Why Read Plays?

Why Not?

There are so many powerful arguments for cold reads that it’s difficult to arrange them all into a cohesive statement. Which is more important? Fun and Games or Save the World?

Given that most people are oblivious to theatre itself—to say nothing of its awesome literature—perhaps the first response to the question “Why Read Plays?” is the classic comeback. Click the box.

The Many Reasons Why

I’ve organized them under four broad headings–Fun & Games, Personal Enrichment, Cultural Heritage, and Salvation, as described below. Hover over “Why Read Plays?” for tabs that link to a page for each—along with one for “Why Not?” Essays arguing all these reasons appear on blog posts under Category Why?

Fun & Games

A play (as the name suggests), is the quintessential parlor game. Instead of playing cards, we read a play, and talk about it as we go. Sometimes we’re hilarious; sometimes deeply moved. It’s like all other games we play with other people—focused on the object, but digressing, interacting, sharing the experience.

Personal Enrichment

Cold reads stimulate the brain, enhance communication skills (reading, listening, speaking, interpersonal), inspire imagination, foster friendships, and re-awaken interest in dramatic art, itself a treasure trove of intellectual and emotional enlightenment and gratification.

Cultural Heritage

The western world is what it is in very large part because wise men wrote and produced plays that both reflected and profoundly affected their respective lives and times. From the Ancient Greeks till long past Shakespeare, they were how most people learned about the literary world (they couldn’t read), and their mesmerizing power both informed and moved them en masse, changed their hearts and minds, prompted riots and revolutions, causing church, state, and the upper crust to use (and abuse) them or ban them outright from the stage. If we are to have a future, we must understand the past, and the best source of that knowledge is dramatic literature.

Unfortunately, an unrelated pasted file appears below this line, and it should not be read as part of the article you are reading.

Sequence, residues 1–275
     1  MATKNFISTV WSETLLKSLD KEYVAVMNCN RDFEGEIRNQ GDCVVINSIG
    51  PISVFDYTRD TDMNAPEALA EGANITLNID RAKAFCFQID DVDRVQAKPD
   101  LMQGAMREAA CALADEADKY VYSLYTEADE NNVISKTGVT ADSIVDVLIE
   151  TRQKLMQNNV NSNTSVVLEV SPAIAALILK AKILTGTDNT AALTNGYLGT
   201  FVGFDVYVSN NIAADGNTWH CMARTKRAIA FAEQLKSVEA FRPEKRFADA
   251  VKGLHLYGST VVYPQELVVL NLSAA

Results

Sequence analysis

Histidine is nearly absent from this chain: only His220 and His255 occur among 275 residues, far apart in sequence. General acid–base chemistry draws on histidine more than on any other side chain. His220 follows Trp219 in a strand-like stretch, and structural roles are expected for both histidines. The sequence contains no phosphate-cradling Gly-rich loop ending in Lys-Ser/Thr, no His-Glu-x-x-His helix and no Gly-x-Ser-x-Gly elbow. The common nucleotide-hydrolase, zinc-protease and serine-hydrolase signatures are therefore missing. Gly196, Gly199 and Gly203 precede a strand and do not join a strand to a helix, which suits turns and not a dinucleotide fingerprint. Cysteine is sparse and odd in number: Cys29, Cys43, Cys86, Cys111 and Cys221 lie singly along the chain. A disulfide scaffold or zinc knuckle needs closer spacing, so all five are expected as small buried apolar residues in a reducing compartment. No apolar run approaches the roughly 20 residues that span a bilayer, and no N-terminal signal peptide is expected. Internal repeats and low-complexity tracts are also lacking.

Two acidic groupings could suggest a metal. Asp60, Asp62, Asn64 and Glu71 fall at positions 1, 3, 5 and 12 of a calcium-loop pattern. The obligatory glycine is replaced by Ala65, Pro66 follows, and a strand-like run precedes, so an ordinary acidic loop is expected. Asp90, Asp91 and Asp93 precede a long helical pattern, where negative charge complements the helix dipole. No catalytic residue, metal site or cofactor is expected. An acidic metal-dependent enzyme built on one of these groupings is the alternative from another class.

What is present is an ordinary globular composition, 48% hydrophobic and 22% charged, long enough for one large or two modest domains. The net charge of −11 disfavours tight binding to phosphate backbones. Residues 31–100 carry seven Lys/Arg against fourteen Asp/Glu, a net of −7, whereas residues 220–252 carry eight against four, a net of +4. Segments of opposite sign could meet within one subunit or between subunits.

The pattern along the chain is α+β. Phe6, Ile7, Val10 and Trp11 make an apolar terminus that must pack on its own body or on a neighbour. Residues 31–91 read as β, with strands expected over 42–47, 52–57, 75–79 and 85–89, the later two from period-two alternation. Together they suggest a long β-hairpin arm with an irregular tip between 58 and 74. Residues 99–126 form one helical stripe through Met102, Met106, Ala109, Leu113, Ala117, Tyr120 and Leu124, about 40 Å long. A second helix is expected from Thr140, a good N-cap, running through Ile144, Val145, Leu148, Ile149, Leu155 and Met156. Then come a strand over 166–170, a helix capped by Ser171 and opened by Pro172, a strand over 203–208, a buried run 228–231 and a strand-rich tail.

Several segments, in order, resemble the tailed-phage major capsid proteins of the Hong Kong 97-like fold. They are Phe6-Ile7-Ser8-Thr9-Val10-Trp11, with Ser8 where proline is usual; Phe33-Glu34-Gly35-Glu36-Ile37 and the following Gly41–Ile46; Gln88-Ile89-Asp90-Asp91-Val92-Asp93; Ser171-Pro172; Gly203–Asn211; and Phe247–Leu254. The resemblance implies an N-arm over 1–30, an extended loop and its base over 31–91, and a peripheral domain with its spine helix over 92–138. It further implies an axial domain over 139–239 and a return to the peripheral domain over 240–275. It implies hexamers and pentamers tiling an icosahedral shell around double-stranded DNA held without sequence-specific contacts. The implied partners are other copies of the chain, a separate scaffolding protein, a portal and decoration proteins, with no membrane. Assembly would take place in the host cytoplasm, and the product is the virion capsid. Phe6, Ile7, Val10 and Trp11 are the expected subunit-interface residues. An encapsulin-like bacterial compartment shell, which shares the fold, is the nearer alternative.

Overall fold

Salvation

In these hard, cold, digital times, controlled by corporation/people and corruption, ethnic/religious/economic/social/political divisions, the human race is becoming less and less communal, less humane. Even our diversions veer away from recognition of the one and only thing all hold in common. Dramatic art affirms our shared humanity. Cold reading is a simple first step toward the ultimate restoration of Theatre to its rightful place as the Temple of Humanism envisioned in The Wholly Human Art.

Why Do You (or Do You Not) Read Plays?

Comment, please. Or Join CR/I and post your reasons. We’ll link them here.

George Gray: A Litany of Reasons for Cold Reading
David Watkins: Why Read Plays Aloud with Others?
The Guardian: Book Clubs Have Had Their Day

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Unrehearsed Discoveries of Great Plays

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